The laser-cutting industry has transitioned in recent years from using carbon dioxide (CO2) lasers to fibre laser-cutting systems, notes Switzerland-based sheet metal cutting and bending equipment supplier Bystronic.
The light source of a fibre-optic laser- cutting system, commonly known as fibre lasers in the industry, is created by diodes. This light is channelled and amplified through a fibre-optic cable and, on exiting the cable, it is straightened and focused by a lens onto the material to be cut. The laser requires no optical mirrors, while the focusing lens is sealed in the cutting head.
Bystronic’s range of manufactured CO2 and fibre laser-cutting machines include, but is not limited to, the BySprint, BySprint Pro, Bysprint Fibre and Byspeed Pro laser systems; the company also provides laser resonators and power sources.
Meanwhile, Bystronic Central Europe market division senior VP Hugo Allemann notes that, according to research, cutting ferrous and nonferrous metals with nitrogen gas, in particular, increases the speed of the fibre-laser technology.
“If the same material is cut, the speed is several times higher than that of a CO2 laser. This is definitely a good reason why fibre laser-cutting machines have had increased success in the metals industry over the past few years,” he says, adding that another key driver for this particular technology’s success is the reduced maintenance requirements.
Further, fibre lasers use markedly less electricity than CO2 lasers, providing increased energy savings, says Allemann. He further points out that the degree of efficiency of a fibre laser is more than 30%, which means that 30% or more of the energy used by the machine is transferred to the metal plate, while the degree of efficiency for a CO2 laser is only 14%.
Fibre lasers can also cut copper, brass and aluminium better and more safely than CO2 lasers, as the beam is readily absorbed and not reflected.
Additional advantages of fibre lasers include the absence of beam path bellows that are necessary in CO2 systems, low operating costs, owing to wear-free semiconductor excitation, and wear-free magnetic bearing compressors.
Most of the fibre lasers delivered to South African companies include fibre laser systems that range from 2 kW to 6 kW and format platforms ranging from 3 m × 1.5 m up to 4 m × 2 m. However, the 6 kW Bysprint fibre laser is gaining traction in the industry, adds Allemann.
Meanwhile, cutting consumables and capital equipment supplier First Cut technical sales representative for Bystronic in South Africa Garth Haigh agrees that fibre lasers represent the fastest-growing sales category, which includes, but is not limited to, fibre laser systems like the Bysprint fibre laser.
The Bysprint fibre laser-cutting machine can cut sheet sizes of 3 000 mm × 1 500 mm and features a maximum simultaneous positioning speed of 140 m/min, with a maximum axis acceleration of 12 m/s2.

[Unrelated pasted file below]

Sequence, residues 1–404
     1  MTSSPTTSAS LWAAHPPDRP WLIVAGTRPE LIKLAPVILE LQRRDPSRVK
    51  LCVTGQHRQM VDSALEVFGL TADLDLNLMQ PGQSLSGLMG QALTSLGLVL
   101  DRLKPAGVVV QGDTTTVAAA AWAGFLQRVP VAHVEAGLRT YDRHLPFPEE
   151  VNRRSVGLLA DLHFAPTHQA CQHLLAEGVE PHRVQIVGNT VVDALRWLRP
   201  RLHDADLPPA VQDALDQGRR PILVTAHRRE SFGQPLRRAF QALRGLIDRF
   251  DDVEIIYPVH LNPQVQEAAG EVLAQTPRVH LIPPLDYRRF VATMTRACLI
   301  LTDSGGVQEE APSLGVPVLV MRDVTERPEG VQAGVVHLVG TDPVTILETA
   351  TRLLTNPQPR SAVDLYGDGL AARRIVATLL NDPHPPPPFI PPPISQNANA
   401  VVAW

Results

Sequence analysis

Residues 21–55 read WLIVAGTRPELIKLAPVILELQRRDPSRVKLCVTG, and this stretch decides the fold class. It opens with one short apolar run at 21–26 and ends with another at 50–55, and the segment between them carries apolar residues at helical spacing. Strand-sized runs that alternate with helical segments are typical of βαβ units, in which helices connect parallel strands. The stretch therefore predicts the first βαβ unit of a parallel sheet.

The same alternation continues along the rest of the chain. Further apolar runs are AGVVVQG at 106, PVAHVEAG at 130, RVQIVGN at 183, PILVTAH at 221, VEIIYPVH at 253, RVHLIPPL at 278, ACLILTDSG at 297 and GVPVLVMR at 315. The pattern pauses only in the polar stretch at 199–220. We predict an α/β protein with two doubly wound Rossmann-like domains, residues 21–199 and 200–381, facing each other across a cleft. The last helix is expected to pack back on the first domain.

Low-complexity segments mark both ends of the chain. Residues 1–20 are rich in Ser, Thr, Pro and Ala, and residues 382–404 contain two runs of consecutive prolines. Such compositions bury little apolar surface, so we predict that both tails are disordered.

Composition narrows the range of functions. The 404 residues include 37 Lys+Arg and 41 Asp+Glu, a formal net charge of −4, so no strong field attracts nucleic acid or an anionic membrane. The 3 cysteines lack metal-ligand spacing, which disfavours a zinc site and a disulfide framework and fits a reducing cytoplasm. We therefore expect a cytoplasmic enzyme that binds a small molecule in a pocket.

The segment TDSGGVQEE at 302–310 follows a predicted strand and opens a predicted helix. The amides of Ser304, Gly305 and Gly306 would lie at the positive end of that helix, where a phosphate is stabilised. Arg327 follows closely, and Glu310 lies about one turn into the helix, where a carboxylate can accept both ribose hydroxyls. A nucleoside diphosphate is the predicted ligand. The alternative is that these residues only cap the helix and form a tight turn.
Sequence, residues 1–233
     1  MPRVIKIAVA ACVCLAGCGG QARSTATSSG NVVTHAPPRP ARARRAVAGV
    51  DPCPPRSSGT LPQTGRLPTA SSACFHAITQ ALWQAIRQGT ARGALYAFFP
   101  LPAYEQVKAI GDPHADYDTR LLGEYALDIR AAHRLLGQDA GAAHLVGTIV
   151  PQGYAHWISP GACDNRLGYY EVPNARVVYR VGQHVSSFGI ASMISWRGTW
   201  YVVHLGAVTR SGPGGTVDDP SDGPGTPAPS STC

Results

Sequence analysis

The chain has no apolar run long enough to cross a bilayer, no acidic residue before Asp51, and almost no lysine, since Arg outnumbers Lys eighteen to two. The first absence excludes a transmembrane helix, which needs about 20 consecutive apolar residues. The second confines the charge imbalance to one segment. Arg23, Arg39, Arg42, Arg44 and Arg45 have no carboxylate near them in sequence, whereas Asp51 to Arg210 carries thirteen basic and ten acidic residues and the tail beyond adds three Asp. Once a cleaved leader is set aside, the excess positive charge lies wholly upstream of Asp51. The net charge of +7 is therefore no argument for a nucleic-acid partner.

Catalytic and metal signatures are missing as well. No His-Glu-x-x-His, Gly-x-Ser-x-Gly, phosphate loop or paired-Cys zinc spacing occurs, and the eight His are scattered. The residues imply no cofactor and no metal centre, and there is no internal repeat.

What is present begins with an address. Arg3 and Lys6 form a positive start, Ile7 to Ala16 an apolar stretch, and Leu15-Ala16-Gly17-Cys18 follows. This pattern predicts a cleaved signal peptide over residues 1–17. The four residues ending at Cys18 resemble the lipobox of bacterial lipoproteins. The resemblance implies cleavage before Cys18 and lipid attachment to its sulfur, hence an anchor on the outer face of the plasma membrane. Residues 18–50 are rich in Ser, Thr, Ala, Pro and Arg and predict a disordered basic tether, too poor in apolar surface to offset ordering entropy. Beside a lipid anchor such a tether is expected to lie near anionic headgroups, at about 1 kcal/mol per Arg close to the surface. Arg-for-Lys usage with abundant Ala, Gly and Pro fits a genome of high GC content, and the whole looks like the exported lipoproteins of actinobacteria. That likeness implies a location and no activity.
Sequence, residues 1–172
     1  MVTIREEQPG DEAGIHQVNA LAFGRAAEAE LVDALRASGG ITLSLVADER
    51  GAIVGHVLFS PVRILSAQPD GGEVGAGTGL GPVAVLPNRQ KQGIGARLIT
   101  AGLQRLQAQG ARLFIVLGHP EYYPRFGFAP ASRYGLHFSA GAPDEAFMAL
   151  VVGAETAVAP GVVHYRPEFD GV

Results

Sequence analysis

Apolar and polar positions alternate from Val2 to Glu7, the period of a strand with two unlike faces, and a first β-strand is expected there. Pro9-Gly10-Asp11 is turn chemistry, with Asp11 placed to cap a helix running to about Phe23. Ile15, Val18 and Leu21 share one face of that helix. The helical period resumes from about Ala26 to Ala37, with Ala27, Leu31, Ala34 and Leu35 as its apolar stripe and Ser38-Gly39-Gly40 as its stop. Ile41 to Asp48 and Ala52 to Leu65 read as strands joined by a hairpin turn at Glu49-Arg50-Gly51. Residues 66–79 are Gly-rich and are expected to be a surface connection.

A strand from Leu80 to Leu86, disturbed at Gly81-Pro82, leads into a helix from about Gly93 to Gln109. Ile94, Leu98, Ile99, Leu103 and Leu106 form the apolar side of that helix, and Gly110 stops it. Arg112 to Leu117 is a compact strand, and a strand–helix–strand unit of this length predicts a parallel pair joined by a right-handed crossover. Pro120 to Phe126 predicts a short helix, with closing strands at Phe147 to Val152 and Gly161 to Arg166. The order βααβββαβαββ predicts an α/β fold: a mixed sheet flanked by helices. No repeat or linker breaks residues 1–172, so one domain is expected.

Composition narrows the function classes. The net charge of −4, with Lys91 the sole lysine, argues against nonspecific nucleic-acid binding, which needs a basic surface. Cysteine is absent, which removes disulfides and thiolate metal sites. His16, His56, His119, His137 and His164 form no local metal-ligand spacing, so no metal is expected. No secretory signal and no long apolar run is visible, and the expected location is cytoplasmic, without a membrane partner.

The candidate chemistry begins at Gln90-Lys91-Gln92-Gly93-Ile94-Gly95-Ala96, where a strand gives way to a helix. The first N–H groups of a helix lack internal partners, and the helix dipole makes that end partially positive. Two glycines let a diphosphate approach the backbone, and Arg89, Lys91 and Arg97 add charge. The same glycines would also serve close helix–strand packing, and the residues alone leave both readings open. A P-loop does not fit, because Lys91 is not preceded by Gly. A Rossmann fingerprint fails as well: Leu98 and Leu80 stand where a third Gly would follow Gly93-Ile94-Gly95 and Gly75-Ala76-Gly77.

With customer and industry demand for CO2 lasers determining the future of this particular technology, Allemann does not believe that the use of CO2 lasers will completely disappear, owing to their offering several advantages. “It is more economical to cut thick and large formats or sizes of certain materials using CO2 lasers,” he adds.
Moreover, Bystronic US product marketing head Frank Arteaga says CO2 lasers are still the most widely used and broadly sold cutting systems on the market.
“The reputation of CO2 lasers has been established over several years and, while the leaps in process technology have benefited fibre lasers, there have also been important enhancements in CO2 laser-cutting systems,” he noted in a February 2013 issue of Fabricating & Manufacturing magazine.
Nevertheless, Allemann believes that most of the technology and research regarding CO2 lasers has been explored and developed, with no distinctive leap in innovation expected in future.
“However, there is still room for development in fibre-laser technology, as it is in its infancy stage,” he says.
Allemann explains that a CO2 laser can easily meet the requirements of cutting thicker material in various formats. However, a fibre laser-cutting machine should be considered if a company is considering any laser-cutting machine additions to its facilities, owing to the material degree of competitiveness it provides in terms of speed and efficiency.
“When it comes to format and resonator size, CO2 and fibre laser-cutting machines also compare well in terms of capital cost,” he says, adding, however, that the operational costs of the fibre laser-cutting machine are lower.
Although fibre laser cutters can currently only cut sheet metal of up to 4 m × 2 m, Allemann believes that the format size for cutting sheet metal is not a challenge. “Rather, it is a question of priority with regard to what sizes and formats for fibre laser-cutting machines should be designed, how they can be further developed and manufactured, in what timeframe and according to customer demand.”
While Bystronic has not yet disclosed plans to introduce a new format or power-size fibre laser-cutting machine this year, Allemann concludes that the future for fibre laser cutters remains promising, with possible new strides to be made in future.